Take Me Home, Country Road. 
What will they miss from home? Coffee within arms reach. Lunchtime walks with four-legged and furry co-workers. Impromptu playing of the mandolin during a quick meeting break. The warm snuggie and a wood stove. A new, special order, purple home office chair. 

We Can’t Wait For….
Did we mention the Dairy Bar already? New and exciting lunch options. New office mates (more than the four-legged furry ones and family members we have now). A welcome party!! 

Not All Bad.
Online orientation does have some advantages. For example, having an online meeting for the first time instead of in person removes a lot of the stress. Decreased anxiety means increased number of connections which means a win for us all. A new initiative this past semester, Coffee Connections, also helped break the ice. It was designed for in-person meet-and-greets over coffee, but translated well via video. Online orientation also erased the physical divide, breaking down the barriers that we often face with staff in multiple campus locations. Online, we are all in the same space.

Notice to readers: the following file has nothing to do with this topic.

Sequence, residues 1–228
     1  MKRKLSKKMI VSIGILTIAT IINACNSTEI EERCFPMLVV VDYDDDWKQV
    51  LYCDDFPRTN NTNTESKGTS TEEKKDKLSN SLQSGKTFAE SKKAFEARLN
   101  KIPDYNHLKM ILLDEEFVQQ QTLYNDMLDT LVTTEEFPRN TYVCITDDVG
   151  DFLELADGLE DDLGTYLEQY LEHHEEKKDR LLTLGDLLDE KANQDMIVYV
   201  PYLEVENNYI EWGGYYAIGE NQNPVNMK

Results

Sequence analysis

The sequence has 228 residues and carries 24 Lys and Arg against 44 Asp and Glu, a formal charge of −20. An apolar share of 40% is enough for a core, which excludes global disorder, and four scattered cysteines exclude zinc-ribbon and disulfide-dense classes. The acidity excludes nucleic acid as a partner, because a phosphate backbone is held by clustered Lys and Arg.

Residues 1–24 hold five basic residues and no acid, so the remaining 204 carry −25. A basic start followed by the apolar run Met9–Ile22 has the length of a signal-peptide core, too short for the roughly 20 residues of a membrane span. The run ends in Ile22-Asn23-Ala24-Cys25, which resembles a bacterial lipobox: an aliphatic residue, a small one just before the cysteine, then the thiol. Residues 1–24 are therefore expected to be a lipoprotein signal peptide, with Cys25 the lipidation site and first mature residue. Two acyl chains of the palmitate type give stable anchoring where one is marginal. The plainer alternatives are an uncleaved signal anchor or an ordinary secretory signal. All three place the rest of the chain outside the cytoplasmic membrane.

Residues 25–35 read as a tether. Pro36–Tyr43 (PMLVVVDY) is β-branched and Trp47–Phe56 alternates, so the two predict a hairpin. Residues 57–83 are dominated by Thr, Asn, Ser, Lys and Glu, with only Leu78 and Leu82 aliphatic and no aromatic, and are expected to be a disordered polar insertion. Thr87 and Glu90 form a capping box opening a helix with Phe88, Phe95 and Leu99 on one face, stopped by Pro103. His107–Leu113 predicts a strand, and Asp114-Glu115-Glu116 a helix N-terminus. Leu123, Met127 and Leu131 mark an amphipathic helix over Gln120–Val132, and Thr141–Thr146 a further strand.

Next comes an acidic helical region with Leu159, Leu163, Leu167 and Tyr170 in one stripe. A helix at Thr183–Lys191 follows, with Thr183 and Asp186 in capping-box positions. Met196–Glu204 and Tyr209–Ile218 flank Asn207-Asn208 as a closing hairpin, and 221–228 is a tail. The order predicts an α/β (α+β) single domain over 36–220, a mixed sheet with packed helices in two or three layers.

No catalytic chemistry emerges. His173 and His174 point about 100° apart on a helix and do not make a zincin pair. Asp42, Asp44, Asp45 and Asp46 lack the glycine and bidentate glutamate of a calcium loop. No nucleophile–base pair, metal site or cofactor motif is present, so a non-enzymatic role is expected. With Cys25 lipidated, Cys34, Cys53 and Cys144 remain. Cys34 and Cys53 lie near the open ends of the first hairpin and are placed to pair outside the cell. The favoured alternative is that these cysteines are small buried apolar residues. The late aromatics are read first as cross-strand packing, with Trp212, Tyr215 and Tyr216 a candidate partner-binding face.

The UConn Library is looking forward to reopening this fall and with that the return of our staff. It seems like after working at home for so long, we are all going to feel first day jitters! 

Thanks to the staff who chatted with us – from top left to bottom right:

Jean Nelson (interviewer and photo taker); Edward Lim, Business & Entrepreneurship Librarian, Hilary Kraus, Research Services Librarian specializing in Kinesiology and Psychology; Jason Anderson, Web Services Coordinator; John Cropp, Access Services Associate, evening; Michelle Greene, Access Services Associate; Roslyn Grandy, Pharmacy Librarian; Sam Boss, Head of Research Services; and Sarah Goldstein, Head of Digital Infrastructure Services. 

Meet the Staff